The Olympic record-breaking swimmer has gone from unbeatable to fallible to dominant again. But what happens now that he's about to retire?
For three straight Olympics, Michael Phelps has been the show. There have been athletes who won medals in three consecutive Olympics—Al Oerter, the great discus thrower, won medals in four Olympics in a row. But Phelps has been the center of attention for three straight, from 2004 in Athens through Beijing 2008 and now in London. On Wednesday, two-time gold medal winner and head of the London Olympics Sebastian Coe caused some controversy when he remarked that he didn't think Phelps was the greatest Olympic athlete, "but he's certainly the most successful." Well, then, the most successful.
The gold Phelps picked up Friday in the 100-meter butterfly was his record 21st medal, 17 of them gold—both all-time Olympic records. He is the first man to win three consecutive gold medals in two events, and, incredibly, he managed to pole vault—if I may borrow a metaphor from another Olympic event—over fellow American Ryan Lochte as the biggest story of the London Olympics. (Today is Phelps' last Olympic event, the 400-medley relay, in which Lochte will join him competing in an Olympic contest the U.S. men have never lost.)
What a difference six days makes. After losing to Lochte in the 400-meter individual medley last Saturday—in fact, not merely losing to Lochte but to two other swimmers as well—Phelps looked, for the first time in anyone's memory, tired and stunned—old, by the standards of his own profession if no one else's. Lochte's words, however well intentioned, must have stung Phelps when he read them: "I think I'm kind of in shock right now. I know he [Phelps] gave it everything he had. That's all you can ask for." As it turned out, Phelps had a lot more to give, a fact which may have surprised both swimmers.
Phelps's photo finish victory over Lochte in the 200 IM Thursday will probably be, for many, the signature moment of this Olympics. It was all the more poignant because Phelps's pathetic exit from the pool after the 400 IM made him human in a way he had never seemed before.
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In the water Phelps had never been all that interesting. He was a machine; he won so easily in nearly all his races, with 6 gold and 2 bronze in Athens 2004 and a ridiculous 8 gold medals in Beijing in 2008.
Out of water, he was a teenage boy—albeit one diagnosed with ADHD—who seemed to have few interests in the world outside of rap records. When I talked to him 8 years ago for Interview magazine, days before his 19th birthday, he told me DMX's "Party Up" was his favorite, "especially the one that runs for nine minutes"—and what he was going to gorge on during breaks in his training regimen. His favorite was "French vanilla ice cream served in big-ass waffle ones with so many Butterfinger chips that you've got to fight to get to the ice cream." He was a Tom Sawyer for the new century.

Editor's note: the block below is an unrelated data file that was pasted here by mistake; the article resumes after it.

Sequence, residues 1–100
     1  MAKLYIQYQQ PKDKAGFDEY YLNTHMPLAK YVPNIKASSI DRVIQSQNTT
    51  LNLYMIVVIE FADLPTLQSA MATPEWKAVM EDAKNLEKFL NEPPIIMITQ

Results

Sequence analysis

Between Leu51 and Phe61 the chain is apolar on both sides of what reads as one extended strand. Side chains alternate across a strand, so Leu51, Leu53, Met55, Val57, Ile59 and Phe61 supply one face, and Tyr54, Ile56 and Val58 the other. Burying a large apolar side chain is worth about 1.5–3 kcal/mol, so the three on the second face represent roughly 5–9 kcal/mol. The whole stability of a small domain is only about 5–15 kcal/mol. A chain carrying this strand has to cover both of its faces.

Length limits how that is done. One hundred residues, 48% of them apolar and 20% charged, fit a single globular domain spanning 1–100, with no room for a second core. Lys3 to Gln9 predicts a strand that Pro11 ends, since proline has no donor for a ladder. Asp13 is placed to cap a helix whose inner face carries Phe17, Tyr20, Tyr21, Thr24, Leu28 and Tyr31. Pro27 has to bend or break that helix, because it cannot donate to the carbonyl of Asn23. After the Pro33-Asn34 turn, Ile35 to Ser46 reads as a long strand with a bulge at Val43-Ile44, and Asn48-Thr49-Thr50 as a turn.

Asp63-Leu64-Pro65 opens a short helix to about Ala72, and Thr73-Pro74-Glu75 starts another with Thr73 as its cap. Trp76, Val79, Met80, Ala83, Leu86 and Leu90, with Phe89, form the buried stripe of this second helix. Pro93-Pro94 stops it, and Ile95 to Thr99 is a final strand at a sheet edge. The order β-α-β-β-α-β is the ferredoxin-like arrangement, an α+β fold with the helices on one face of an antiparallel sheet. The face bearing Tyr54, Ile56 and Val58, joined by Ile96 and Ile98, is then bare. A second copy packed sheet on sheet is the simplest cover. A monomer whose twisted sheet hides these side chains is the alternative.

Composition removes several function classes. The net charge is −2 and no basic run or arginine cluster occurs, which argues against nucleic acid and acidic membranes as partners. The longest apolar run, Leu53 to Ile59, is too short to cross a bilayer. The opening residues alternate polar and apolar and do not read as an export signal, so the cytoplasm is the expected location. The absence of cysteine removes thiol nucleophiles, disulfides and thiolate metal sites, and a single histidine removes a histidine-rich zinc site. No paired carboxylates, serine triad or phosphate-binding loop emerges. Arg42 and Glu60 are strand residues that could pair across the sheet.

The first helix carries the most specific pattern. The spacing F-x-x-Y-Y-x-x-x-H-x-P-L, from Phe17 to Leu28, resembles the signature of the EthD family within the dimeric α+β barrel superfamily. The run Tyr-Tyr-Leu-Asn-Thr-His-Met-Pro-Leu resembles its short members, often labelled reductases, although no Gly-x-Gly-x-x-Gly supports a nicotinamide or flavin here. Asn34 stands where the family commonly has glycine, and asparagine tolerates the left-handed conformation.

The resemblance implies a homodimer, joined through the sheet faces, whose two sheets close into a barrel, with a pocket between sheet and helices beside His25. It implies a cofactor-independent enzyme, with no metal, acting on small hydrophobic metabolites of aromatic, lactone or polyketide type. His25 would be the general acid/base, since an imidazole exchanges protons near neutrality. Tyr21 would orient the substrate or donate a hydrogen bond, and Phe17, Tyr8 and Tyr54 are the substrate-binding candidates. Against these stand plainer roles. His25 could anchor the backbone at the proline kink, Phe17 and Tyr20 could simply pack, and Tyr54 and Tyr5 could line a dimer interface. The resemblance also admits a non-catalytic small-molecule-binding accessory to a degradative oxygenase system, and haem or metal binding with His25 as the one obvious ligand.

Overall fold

But Tom Sawyer, to tell the truth, gets just a little bit dull. It was only when Phelps began to show a little Huck Finn, after Beijing, when a character flaw or two popped up that people realized he might really be interesting after all. On talk shows he let his hair down, and his earthy—and sometimes salty—replies to questions raised a few eyebrows but also won him some fans. It wasn't that he said anything shocking, his answers just didn't seem prepared like those of other prominent athletes, such as Alex Rodriguez, Tom Brady, or LeBron James. When he spoke of partying through the weekend or his discovery that love might involve some complications he sounded like he might actually have a life when he finished toweling off.
Then, in 2009 some jerk who was partying with him used a camera phone to snap a photo of Phelps inhaling from a bong. Within hours his image had an entirely new dimension. He stumbled through a tearful public apology and was suspended from competition by USA Swimming for three months. The incident, though, did no lasting harm to his reputation. The final verdict was, as David Letterman put it, that Michael was "just being Michael." Or rather, just being Michael in his mid-20s.
As it turned out, getting older didn't mean becoming a hedonist, as it certainly would have meant to many of his fans if they had been in the prime of life with 16 Olympic medals to their credit. It meant getting involved with younger, less fortunate people. He established the Michael Phelps Foundation, a grant program for aspiring young swimmers, which he supported with his name and money and, more importantly, his time.
It also meant preparing for yet one more Olympics, one in which, in swimming terms, he was no longer a young man and would, for the first time in his life, no longer be the favorite. Until Ryan Lochte came along, there seemed no one on the world stage that he could measure himself against—and certainly no one capable of taking endorsement deals and magazine covers from him, as Lochte did this past summer.
So where does Phelps go from here? He swears that he will not be swimming (one assumes this means competitively) "past the age of 30" and that his one desire is "just to relax, not to answer to anybody, not have anyone tell me where to go, when to go there, what to do, just be on my own time."
But surely before long it will dawn on him that age 27 he has been an adult for a long time now, and the only person really telling him what to do or where to go has been himself. And after a few vats of ice cream and Butterfinger chips and some all-weekend parties, he'll surely realize that the most fruitful way for him to spend his time will be going to work at training kids to be little Michael Phelpses.
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